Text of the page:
Triglycerides and Alcohol Consumption – Are They Related?

Triglycerides and AlcoholIs there a relationship between high triglycerides and alcohol consumption? Yes, there is a strong link between consuming alcohol and having elevated triglycerides in the bloodstream. Alcohol is quickly absorbed and digested by the body, and this compound is composed of simple sugars which have no nutrients but plenty of calories. Sugars and starches cause a rise in triglyceride levels, and some research suggests that alcohol inhibits triglyceride breakdown as well as encourages a higher production of these fats by the liver.

High levels of triglycerides and alcohol consumption are commonly found together. Even an occasional drink can cause your triglyceride levels to rise noticeably. This is the reason that any triglycerides diet eliminates alcohol completely. This includes red wine, which does offer health benefits for other diet plans. Studies have shown that drinking red wine can raise the triglycerides in your blood the same as beer or whiskey and should be avoided if your levels are borderline or high.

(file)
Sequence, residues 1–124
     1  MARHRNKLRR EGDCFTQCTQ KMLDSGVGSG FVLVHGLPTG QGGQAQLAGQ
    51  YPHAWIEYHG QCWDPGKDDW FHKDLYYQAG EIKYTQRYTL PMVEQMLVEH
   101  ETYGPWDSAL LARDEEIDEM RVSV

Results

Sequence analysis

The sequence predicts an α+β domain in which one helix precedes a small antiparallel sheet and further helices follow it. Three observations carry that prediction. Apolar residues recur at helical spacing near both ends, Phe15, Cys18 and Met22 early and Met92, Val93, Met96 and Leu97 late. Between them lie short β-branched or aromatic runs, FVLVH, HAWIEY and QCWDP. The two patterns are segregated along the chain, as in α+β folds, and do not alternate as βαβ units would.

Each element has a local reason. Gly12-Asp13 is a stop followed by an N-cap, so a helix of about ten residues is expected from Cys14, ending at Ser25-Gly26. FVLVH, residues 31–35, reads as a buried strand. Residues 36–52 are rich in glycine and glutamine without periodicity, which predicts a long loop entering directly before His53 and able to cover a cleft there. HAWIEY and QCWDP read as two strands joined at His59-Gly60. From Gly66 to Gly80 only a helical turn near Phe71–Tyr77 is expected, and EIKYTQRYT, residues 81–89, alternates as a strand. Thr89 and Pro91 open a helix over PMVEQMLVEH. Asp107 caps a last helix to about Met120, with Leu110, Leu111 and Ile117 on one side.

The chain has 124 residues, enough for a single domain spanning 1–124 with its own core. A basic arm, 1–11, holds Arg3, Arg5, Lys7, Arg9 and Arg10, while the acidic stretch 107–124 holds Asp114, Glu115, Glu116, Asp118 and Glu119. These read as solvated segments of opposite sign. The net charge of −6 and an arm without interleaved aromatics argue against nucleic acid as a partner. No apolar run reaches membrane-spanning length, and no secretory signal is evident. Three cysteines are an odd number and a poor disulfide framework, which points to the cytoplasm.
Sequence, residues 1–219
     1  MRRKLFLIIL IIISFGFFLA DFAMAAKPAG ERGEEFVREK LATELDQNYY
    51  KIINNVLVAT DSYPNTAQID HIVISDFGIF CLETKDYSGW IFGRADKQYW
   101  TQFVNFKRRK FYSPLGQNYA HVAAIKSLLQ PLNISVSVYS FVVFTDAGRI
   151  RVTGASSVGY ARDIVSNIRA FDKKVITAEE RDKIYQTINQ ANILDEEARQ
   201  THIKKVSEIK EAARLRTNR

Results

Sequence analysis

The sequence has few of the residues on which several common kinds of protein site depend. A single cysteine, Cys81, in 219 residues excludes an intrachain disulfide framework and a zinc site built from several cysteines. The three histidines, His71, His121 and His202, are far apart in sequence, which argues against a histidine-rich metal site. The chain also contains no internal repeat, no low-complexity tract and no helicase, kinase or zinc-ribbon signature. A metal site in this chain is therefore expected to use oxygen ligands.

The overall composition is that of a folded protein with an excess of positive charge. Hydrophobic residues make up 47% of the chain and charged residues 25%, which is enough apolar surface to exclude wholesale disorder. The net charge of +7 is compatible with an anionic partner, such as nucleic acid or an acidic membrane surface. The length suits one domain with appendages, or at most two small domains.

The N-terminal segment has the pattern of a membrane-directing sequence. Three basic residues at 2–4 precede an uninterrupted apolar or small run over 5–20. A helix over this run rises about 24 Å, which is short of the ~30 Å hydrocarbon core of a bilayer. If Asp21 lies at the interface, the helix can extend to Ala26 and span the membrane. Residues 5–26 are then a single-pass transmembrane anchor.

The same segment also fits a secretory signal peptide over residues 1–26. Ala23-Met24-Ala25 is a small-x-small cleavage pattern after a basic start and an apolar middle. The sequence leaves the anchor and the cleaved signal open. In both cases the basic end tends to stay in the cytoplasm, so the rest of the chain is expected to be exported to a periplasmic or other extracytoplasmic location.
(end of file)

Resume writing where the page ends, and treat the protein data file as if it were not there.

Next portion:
Some studies have shown that alcohol consumption also slows down the rate that your body breaks down fat, including triglycerides. This link between triglycerides and alcohol has to do with liver function. Alcohol cannot be converted into carbohydrates, so it is stored instead as fat. This causes your blood levels to increase. The enzyme in your liver which breaks down the triglycerides is not produced as abundantly, and the sugars in the alcohol and other added ingredients are broken down into triglycerides which also enter your bloodstream. The causes of high triglycerides is dietary, unlike cholesterol which is produced in your body as well as being found in animal food sources.

When it comes to triglycerides foods to avoid alcohol is at the top of the list. Medical science has shown that high triglycerides and alcohol consumption are related, so eliminating alcohol from your diet will help lower the level of these fats in your bloodstream. Drinking alcohol also usually involves eating snacks, such as nuts or chips, and this also raises the amount of triglycerides in your body and blood.